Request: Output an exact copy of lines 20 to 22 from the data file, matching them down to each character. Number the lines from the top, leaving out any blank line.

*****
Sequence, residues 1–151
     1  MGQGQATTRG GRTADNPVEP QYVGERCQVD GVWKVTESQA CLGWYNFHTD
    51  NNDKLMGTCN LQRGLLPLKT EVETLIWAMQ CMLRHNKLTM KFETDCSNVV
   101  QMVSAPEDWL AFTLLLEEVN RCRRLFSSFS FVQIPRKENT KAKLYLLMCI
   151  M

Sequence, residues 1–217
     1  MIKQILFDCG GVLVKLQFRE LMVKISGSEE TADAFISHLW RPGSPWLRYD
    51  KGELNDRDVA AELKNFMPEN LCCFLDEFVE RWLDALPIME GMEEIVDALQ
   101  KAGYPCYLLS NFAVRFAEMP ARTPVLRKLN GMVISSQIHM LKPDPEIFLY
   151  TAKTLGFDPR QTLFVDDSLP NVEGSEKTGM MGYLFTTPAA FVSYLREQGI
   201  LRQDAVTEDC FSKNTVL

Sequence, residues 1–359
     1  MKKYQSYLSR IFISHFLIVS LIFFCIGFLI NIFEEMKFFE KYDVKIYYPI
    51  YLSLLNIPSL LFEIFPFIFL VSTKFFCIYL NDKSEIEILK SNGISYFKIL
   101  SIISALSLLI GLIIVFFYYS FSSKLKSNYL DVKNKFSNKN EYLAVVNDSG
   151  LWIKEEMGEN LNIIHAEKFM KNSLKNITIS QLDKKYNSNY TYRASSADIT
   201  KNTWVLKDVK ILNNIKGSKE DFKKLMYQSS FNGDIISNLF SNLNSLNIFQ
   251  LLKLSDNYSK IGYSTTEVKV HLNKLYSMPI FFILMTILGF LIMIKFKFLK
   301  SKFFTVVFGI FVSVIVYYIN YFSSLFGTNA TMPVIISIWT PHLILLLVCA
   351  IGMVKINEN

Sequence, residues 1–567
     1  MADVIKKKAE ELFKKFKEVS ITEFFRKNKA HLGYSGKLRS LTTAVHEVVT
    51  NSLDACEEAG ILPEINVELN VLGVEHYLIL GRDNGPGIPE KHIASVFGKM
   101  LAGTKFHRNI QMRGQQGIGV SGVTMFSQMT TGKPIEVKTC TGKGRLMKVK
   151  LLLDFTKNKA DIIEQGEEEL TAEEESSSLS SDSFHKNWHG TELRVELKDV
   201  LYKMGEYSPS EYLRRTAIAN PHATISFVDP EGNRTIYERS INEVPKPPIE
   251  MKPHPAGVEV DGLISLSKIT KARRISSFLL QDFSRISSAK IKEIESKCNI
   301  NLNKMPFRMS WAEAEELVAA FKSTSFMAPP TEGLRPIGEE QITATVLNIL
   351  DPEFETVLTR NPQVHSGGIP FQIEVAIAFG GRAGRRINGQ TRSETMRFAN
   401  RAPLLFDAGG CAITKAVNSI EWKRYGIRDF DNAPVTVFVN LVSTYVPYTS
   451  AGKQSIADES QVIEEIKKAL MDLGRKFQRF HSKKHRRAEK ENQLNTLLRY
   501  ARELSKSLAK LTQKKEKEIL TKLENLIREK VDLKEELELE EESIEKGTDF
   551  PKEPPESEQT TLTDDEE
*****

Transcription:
   351  IGMVKINEN

Sequence, residues 1–567
     1  MADVIKKKAE ELFKKFKEVS ITEFFRKNKA HLGYSGKLRS LTTAVHEVVT